Questions THEY ask

Thola, what does kissing feel like? Do you wear pyjamas when you go to bed? Why do you and your boyfriend share a bed? Thola, why don’t you wear a bra? Thola, do you also wear g-strings like my mom? Why do your pants go so tight over your bum? Thola do you know Daniel Radcliffe? What do you mean Daniel Radcliff gets naked with horses?

I have had the absolute pleasure of spending Monday and Wednesday afternoons with 3 inquisitive siblings who ask me questions that I never quite know how to answer. I often find myself being far too honest. Giving my opinions far to viscerally. I am learning now, that it is ok to fabricate my answers somewhat.

I was told, by the oldest, 11,  whilst telling a romantic story, to embellish on my stories because “They aren’t Romanic enough.” She told me what type of story she wanted me to tell her and then sat back and waited for me to tell the story exactly as instructed.

How does one tell a Romantic story to an 11-year-old without making them scream? I have learnt that screaming and blocked ears whilst humming means my story is bad, gross or embarrassing. When my story is boring, I just get raised eyebrows as if to say, “Oh my god, your life is so lame Thola.”

Things that are classified as bad, gross or embarrassing are: kissing, falling asleep in a bed with my boyfriend. Swimming in a bikini, wearing heels, bathing, not wearing pyjamas and so on. I learn these things only as they ask me for details.

Details such as: “What were you swim in?” And when I answered,  bikini, screaming and ear blocking followed. Or, “What shoes were you wearing?” My answer was heels. Screaming….. It’s hilarious.

I have learnt fast that I can not laugh or I am told loudly that I am weird and embarrassing. I was asked the other day to describe what a kiss felt like. Oh, no, what do I do? Should I describe the truth? Should I play it down? Must I try and tell them what I think they want to hear? It is important for me to add that at this point, I am enjoying their reactions, so.

A kiss: “It’s warm and soft, depending on who you are kissing.” Pause to, surreptitiously gaze into the review mirror, and gauge to know if I should carry on. I carry on. “Sometimes if you open your mouth it’s wet.” Screaming and shouting and pretend-vomiting sounds come from the back seat.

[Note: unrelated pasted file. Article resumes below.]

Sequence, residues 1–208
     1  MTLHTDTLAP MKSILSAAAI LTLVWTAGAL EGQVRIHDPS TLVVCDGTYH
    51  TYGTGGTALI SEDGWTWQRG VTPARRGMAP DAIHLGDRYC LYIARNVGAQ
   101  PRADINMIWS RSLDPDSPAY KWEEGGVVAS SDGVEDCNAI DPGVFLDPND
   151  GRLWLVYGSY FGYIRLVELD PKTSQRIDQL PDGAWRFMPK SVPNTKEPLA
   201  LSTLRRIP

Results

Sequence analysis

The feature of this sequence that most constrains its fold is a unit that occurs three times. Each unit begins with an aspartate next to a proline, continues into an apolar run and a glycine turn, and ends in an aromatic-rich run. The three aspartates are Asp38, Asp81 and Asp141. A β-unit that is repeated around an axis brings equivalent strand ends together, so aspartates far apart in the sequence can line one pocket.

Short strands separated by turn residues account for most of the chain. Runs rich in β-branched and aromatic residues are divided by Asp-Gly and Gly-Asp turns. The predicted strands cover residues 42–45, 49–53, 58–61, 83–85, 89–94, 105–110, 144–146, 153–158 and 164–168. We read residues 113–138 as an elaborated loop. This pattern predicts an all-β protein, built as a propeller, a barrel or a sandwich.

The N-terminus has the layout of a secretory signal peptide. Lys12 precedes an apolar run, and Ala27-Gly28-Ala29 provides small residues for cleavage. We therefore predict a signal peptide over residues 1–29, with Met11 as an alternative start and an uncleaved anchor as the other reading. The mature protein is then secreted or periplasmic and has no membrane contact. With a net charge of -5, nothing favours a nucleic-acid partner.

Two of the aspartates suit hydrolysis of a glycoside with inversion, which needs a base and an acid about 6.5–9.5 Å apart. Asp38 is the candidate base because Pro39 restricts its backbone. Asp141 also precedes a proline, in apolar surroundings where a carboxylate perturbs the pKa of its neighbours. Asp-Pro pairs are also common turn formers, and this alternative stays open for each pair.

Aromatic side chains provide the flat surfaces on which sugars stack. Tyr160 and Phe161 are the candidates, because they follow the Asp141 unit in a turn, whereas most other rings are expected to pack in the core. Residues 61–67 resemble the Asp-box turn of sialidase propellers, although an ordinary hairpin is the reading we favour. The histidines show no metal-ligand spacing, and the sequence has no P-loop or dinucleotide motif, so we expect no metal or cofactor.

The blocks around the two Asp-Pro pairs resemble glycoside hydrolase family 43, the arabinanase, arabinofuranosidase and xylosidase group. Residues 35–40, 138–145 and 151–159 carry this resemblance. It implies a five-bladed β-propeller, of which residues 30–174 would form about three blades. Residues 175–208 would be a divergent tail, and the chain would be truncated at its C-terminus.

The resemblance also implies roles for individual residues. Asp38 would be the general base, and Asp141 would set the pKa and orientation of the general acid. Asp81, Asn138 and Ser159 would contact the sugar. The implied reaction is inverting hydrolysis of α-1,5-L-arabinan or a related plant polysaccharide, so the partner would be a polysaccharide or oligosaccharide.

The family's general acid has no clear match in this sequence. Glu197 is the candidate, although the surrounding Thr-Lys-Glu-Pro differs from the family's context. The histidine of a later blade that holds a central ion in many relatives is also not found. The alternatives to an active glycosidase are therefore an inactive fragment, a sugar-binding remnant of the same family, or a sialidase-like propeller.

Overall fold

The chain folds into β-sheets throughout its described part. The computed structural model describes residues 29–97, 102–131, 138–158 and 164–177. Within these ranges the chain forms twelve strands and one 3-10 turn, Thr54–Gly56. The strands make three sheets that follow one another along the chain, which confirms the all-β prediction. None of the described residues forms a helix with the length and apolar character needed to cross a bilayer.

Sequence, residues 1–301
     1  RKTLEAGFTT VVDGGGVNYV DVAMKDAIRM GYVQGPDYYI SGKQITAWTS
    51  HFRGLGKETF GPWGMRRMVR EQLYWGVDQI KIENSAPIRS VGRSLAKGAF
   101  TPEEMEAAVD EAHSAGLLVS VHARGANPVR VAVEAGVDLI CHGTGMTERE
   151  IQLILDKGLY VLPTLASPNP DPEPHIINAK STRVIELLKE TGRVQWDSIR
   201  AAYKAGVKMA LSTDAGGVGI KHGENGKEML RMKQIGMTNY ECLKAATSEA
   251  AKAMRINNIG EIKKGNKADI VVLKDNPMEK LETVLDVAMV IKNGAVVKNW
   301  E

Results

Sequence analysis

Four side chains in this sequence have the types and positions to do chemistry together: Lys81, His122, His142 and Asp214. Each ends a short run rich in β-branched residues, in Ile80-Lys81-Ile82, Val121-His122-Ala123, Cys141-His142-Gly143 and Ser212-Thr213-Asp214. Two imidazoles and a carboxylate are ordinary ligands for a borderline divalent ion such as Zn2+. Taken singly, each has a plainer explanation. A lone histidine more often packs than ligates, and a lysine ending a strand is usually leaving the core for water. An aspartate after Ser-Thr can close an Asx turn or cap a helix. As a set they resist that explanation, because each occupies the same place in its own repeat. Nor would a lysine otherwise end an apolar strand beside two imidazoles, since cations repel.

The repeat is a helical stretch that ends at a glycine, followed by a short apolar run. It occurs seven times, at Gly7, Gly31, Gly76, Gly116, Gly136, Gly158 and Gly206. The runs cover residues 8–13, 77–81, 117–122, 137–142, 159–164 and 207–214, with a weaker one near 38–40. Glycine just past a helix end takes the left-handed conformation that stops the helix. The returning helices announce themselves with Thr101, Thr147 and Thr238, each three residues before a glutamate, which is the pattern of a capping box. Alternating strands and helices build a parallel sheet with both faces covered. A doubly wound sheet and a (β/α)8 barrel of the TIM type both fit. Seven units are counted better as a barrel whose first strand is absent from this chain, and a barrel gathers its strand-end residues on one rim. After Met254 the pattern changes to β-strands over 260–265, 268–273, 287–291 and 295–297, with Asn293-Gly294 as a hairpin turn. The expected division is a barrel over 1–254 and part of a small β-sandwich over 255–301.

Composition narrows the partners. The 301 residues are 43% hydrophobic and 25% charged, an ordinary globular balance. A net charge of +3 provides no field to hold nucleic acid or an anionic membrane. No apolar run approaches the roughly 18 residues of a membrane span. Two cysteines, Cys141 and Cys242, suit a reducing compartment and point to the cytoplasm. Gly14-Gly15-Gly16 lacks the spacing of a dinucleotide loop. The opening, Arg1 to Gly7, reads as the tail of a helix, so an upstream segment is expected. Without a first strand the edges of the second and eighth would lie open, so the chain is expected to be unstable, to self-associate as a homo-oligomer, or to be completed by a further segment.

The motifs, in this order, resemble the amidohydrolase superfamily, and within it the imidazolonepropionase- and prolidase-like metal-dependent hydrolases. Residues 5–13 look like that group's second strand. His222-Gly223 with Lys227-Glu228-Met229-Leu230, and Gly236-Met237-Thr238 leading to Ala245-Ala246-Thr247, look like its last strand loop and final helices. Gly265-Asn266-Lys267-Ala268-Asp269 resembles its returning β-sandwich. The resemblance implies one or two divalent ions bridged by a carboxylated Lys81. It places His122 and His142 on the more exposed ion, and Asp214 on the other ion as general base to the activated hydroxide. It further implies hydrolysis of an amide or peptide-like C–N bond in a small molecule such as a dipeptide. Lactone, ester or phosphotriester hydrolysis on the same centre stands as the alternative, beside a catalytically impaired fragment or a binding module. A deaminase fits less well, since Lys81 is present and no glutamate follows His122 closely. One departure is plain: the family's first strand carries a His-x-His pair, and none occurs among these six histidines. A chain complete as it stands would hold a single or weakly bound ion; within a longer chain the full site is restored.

The 11-year-old shouts at me, “Why would you open your mouth?” Good question, I have absolutely no idea why we open our mouths. How weird. Why do we open our mouths? The best answer I can come up with is, “It feels nice.” More vomit sounds from the back…..

One day the 8-year-old started telling me about his love of Harry Potter. He spoke about Harry Potter for about 20 mins. That’s a long time for my brain, in traffic, in a hot car with no air-con or power steering.  He then wondered aloud if Daniel Radcliffe was in any other movies or was famous for anything else? Without thinking about the gravity of my comment I said, “Yes, he gets naked with horses in a play.”

Silence filled the car. I wish my mouth didn’t work so fast. I tried to distract them by pointing out a cool car on the road next to us. I tried talking about Harry Potter spells. I even tried to talk about romantic stuff in Twilight and spells in  Lord of The Rings. They were having none of it. A little voice from the backseat,  “What do you mean he gets naked with horses?” Uh…..

I don’t know anything about Equus, but now I have gone and mentioned it. So I say, “Equus is a play, a very famous play.” I think. “It is every actors dream to be in a famous play. Daniel Radcliffe was in this play because he wanted to gain experience.” My answer is not good enough. The rest of the journey home, the 8-year-oldd is quiet and thinking….. Oh no. What have I done?

image credit. PavaBlog – Alyson Villalba


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